Judge J. Skelly Wright (1911-1988) – Judge J. Skelly Wright served as U. S. District Judge for the Eastern District where he heard many legal challenges to segregation. In various civil rights cases, Judge Wright ruled unconstitutional the segregation of public schools, Louisiana State University (LSU), and other universities. So too, he ruled unconstitutional a law banning sports events between African-Americans and Whites. In voter rights cases, he ruled favorably on legal actions taken to enfranchise African-Americans.

Ernest N. “Dutch” Morial (1929-1989) – Ernest N. “Dutch” Morial was the first African-American to graduate from LSU’s Law School. He entered his practice under the mentorship of A. P. Tureaud. Dutch Morial was the President of the NAACP and the national Alpha Phi Alpha Fraternity, Incorporated. He was actively and persuasively involved in many civil rights cases that broke down educational and public accommodation barriers to African-Americans. He was the first African-American elected to the Louisiana Legislature in the 20th century, and many firsts followed. Dutch Morial was the first African-American Juvenile Court Judge and State Court of Appeals Judge. Thereafter, he was elected New Orleans’ first African-American Mayor.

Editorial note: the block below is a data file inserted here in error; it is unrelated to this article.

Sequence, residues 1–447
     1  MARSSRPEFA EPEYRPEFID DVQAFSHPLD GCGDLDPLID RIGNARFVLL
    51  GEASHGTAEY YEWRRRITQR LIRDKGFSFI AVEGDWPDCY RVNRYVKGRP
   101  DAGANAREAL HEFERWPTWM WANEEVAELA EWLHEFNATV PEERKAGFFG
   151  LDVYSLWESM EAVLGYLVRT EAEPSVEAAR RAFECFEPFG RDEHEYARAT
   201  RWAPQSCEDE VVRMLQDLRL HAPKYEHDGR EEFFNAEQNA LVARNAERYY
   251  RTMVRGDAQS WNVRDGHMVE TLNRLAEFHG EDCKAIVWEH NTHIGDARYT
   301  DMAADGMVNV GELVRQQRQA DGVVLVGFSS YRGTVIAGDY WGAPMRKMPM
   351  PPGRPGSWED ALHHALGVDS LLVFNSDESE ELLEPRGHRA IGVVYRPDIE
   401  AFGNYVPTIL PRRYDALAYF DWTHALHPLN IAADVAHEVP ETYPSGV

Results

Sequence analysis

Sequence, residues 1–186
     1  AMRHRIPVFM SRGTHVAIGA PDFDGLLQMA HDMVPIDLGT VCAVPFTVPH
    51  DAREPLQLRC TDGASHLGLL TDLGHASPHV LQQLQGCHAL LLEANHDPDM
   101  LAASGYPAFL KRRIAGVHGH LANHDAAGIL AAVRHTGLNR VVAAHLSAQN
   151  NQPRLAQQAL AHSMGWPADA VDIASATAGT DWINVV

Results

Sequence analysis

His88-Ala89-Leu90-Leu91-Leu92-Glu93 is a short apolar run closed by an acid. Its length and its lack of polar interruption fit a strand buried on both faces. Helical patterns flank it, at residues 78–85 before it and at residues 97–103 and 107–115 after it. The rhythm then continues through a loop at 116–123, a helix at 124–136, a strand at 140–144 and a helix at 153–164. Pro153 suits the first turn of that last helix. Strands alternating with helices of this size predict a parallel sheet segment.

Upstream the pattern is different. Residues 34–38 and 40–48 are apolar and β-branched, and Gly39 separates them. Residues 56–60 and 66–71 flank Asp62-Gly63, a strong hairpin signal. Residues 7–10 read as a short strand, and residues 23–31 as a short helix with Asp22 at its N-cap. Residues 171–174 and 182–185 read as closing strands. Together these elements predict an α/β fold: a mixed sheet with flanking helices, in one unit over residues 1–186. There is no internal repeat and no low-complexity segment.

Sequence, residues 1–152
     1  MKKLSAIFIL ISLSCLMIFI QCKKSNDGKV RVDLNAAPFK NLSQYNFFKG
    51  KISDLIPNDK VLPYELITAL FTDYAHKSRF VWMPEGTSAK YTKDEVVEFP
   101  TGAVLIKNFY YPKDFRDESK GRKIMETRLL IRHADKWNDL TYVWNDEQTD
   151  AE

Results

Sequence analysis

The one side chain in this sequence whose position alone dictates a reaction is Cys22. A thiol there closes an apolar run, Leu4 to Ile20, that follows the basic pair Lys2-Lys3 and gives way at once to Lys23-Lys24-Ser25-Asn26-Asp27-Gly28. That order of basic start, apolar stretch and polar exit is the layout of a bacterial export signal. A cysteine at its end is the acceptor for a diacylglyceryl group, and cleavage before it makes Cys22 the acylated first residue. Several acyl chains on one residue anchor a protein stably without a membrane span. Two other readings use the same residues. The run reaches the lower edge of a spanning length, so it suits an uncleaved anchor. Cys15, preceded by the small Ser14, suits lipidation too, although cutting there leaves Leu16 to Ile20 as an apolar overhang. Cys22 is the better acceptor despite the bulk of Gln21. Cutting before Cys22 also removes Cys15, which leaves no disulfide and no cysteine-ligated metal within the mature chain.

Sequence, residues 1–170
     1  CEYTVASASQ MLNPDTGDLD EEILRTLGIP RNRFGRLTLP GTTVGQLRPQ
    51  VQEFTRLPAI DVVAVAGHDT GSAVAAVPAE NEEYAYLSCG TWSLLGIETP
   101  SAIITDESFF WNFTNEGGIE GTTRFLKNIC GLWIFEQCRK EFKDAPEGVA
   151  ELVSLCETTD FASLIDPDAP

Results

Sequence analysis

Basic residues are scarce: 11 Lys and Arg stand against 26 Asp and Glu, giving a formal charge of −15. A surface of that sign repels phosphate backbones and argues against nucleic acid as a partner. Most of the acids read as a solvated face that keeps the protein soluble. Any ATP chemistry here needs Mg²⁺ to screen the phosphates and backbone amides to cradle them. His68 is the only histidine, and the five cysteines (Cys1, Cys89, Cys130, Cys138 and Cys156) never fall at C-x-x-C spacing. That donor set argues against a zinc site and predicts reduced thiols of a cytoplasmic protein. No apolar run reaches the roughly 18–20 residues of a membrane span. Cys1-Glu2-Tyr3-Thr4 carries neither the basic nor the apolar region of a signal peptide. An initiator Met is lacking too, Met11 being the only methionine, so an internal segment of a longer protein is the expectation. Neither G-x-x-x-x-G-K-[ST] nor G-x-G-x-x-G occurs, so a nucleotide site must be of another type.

Earl J. Amedee, Sr. (1919-1990) – Earl Amedee’s successful challenge of the veteran and diploma privileges, used to admit Whites exclusively to the Louisiana Bar Association, paved the way for many African-Americans to be admitted to the Bar without examination. In 1950, he ran for Orleans Parish School Board and became the first African-American in the 20th century to run for public office. He was appointed the first African-American Assistant District Attorney for the Parish of Orleans. Attorney Amedee’s legal victories won many Louisiana African-Americans their first opportunity to register to vote. Earl Amedee reached out to provide free legal services to the poor and to all who faced violations of their basic rights.